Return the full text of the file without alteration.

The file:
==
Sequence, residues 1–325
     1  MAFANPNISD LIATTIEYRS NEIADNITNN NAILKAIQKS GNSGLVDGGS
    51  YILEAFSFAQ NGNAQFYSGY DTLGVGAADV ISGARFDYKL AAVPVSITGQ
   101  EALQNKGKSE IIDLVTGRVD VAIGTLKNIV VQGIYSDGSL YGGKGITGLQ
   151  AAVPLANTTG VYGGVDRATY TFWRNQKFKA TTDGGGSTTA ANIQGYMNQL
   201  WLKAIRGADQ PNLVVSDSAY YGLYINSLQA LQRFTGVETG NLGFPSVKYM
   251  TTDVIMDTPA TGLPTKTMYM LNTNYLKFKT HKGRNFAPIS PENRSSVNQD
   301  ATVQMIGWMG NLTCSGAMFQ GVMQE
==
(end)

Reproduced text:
Sequence, residues 1–325
     1  MAFANPNISD LIATTIEYRS NEIADNITNN NAILKAIQKS GNSGLVDGGS
    51  YILEAFSFAQ NGNAQFYSGY DTLGVGAADV ISGARFDYKL AAVPVSITGQ
   101  EALQNKGKSE IIDLVTGRVD VAIGTLKNIV VQGIYSDGSL YGGKGITGLQ
   151  AAVPLANTTG VYGGVDRATY TFWRNQKFKA TTDGGGSTTA ANIQGYMNQL
   201  WLKAIRGADQ PNLVVSDSAY YGLYINSLQA LQRFTGVETG NLGFPSVKYM
   251  TTDVIMDTPA TGLPTKTMYM LNTNYLKFKT HKGRNFAPIS PENRSSVNQD
   301  ATVQMIGWMG NLTCSGAMFQ GVMQE